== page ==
dir. Barbet Schroeder
Opens Sat Dec 8
"We were dealing with idiots. They had a very limited view of the world: I was just a mercenary and a traitor. My clients and friends were assassins or apes," Jacques Vergès says. "So they couldn't understand us. But we could understand them, and how their tiny brains worked." That's how Vergès recalls one of his earliest trials, when he defended Djamila Bouhired—who, depending on how you look at it, was either an Algerian freedom fighter or a terrorist.
That quotation might be the key to understanding Vergès, the controversial French lawyer who made a career of defending and befriending fantastically notorious and toxic figures, from Bouhired (whom he'd go on to marry) to Carlos the Jackal to Slobodan Milosevic. Well-spoken and sharply dressed, Vergès is a chilling, captivating figure, and his experiences echo—and, in many cases, control—some of the most important events of the past century.
Unfortunately, Terror's Advocate isn't nearly as enthralling as its subject: At just over two hours, the documentary's human element is suffocated by a deluge of superfluous history and overly specific detail, with innumerable talking heads' endless reminiscences blurring into soporific white noise. You'll need a surplus of patience (and a firm grasp of the past 50 years' worth of international history) to find the glittering shards of human drama here, which is too bad: If Advocate were an hour shorter, it'd be amazing. ERIK HENRIKSEN
Danny Williams Factory Films
dir. Danny Williams
Sat Dec 8
Northwest Film Center's Whitsell Auditorium
Despite the fact that Danny Williams was entrenched in one of the most picked-over cultural moments in American history, you probably haven't heard of him. A onetime resident of Andy Warhol's Factory, and a lover of the famously impassive artist, Williams eventually fell out of favor with the Factory crowd, and in 1966 he disappeared after a family dinner in Massachusetts, and likewise into obscurity. Recently, 20 films he made using Warhol, the Velvet Underground, and other Factory luminaries as subjects were uncovered.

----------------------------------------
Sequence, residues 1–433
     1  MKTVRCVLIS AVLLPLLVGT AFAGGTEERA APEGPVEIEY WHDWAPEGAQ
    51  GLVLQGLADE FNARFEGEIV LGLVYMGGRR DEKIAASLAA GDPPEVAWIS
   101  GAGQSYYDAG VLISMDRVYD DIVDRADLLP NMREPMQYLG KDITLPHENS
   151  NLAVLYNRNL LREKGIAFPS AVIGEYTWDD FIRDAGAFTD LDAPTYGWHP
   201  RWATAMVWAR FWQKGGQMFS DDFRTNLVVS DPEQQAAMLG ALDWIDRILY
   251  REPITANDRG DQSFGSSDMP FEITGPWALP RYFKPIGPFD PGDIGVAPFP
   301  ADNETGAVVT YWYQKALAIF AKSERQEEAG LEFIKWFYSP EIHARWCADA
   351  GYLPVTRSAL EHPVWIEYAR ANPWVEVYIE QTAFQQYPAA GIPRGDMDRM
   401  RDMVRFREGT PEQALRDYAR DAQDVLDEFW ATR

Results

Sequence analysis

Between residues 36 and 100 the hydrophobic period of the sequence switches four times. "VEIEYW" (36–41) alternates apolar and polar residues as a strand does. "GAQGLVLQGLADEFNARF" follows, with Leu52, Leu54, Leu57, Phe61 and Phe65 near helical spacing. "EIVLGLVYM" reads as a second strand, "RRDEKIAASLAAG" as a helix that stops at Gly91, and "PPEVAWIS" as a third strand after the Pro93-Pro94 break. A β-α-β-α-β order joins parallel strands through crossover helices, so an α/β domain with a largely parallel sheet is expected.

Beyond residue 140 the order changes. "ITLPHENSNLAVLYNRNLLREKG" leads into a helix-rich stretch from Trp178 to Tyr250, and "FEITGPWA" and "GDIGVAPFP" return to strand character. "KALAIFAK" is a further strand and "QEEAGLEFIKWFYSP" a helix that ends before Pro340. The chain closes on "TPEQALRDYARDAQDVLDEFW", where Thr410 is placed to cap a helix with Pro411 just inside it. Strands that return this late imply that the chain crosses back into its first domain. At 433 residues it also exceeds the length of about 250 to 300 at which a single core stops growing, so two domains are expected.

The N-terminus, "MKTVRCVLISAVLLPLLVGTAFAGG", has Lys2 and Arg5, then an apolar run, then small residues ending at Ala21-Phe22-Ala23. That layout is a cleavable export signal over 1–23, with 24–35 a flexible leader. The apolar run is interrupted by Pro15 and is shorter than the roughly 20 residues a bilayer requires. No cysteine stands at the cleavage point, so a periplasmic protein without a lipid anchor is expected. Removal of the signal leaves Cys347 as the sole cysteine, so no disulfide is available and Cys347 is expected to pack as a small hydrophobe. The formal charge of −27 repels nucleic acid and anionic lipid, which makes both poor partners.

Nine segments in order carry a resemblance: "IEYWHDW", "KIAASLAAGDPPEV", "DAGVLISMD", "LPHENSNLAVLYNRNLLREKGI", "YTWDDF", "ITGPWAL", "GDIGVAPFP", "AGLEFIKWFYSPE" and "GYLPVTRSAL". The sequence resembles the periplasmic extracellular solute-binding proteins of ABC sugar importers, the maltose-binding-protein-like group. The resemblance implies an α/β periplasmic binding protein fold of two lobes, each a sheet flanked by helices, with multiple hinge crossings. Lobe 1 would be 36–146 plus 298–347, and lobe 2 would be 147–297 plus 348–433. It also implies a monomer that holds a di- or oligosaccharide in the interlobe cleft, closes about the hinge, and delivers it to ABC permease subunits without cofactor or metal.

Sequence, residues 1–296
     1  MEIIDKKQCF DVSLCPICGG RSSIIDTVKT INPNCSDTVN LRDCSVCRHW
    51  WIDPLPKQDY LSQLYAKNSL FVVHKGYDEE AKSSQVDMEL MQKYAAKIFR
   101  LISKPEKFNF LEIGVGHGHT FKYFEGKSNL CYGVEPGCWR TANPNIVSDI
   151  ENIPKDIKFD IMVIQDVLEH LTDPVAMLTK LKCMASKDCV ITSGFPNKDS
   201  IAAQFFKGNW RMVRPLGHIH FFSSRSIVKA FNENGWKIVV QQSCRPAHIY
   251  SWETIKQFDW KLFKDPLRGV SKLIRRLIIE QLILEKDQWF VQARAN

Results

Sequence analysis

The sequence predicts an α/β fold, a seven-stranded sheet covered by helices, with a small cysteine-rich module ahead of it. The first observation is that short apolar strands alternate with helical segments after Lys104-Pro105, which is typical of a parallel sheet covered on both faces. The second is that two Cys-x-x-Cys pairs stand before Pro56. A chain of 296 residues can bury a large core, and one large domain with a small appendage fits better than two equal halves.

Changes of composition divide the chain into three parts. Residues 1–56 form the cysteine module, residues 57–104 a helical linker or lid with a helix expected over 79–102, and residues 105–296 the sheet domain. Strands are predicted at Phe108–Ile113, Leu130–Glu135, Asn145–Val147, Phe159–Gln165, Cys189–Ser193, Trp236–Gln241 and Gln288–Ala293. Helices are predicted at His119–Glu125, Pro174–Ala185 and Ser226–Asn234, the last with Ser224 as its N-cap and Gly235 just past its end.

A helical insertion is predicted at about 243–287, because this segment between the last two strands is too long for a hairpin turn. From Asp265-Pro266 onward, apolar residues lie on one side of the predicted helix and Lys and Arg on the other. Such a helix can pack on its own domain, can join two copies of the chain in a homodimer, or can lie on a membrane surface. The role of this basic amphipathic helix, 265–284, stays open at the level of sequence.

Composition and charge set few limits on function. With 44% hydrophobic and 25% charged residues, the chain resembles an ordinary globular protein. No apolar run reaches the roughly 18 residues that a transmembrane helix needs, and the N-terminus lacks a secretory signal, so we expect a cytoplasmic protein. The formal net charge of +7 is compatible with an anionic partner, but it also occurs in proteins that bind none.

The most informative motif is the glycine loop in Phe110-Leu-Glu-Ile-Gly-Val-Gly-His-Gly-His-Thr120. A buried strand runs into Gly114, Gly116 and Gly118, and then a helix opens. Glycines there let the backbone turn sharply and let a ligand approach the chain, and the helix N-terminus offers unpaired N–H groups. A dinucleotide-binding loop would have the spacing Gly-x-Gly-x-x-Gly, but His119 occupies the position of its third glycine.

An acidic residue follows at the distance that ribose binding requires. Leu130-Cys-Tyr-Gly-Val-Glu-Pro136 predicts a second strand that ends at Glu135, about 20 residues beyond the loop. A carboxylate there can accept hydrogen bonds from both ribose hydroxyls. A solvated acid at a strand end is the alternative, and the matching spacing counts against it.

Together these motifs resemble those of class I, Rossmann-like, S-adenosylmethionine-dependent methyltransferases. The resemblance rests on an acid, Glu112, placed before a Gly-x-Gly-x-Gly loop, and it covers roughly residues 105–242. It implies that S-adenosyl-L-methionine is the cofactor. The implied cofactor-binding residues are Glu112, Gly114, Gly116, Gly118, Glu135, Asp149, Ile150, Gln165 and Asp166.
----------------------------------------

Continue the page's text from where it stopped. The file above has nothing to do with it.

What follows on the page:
In black and white, Williams' films are silent portraits of the young, laughing, druggy scene, as well as somber moments spent dwelling on the shadowy visage of Warhol and his satellites. While the fame of the people and places captured in Williams' lens surely lend interest to the films, his interest in filmmaking is clearly not that of a mere dilettante—in his early 20s, Williams was already gaining attention for his film-editing skills.
The screening of Williams' films is to be accompanied by an original score composed by the Quavers' Catherine McRae and T. Griffin, and Williams' niece Esther B. Robinson, herself a documentary filmmaker whose film A Walk into the Sea, about her uncle's life, will be released later this month, will introduce the show. MARJORIE SKINNER
The Rape of Europa
dirs. Richard Berge, Bonni Cohen, Nicole Newnham
Opens Fri Dec 7
Living Room Theaters
The Rape of Europa is a horrible name for a movie, and a slightly misleading one at that. This new documentary takes as its starting point the systematic and far-reaching campaign by the Nazis to "liberate" Europe's art treasures (only the Aryan ones, natch; anything deemed Jewish or Slavic was destroyed) during World War II—but additionally, and more interestingly, the film also concerns itself with the steps taken by museum workers, soldiers, and ordinary civilians to protect the works of art that distinguish, and in some cases define, their culture. In anticipation of the Nazi occupation of Paris, the contents of the Louvre were evacuated to secret locations across France; during the siege of Leningrad, civilians lived in the basement of the city's bomb-battered museum and worked tirelessly to protect its contents from ice and snow; in Florence, brick capsules were built to encase Michelangelo's sculptures. Even the US government got in on it, delegating art specialists to travel with troops through the devastated European landscape, repairing and restoring whatever they could. There's a wealth of information here, all of it fascinating; even if the doc drags a little toward the end, it's a small price to pay. ALISON HALLETT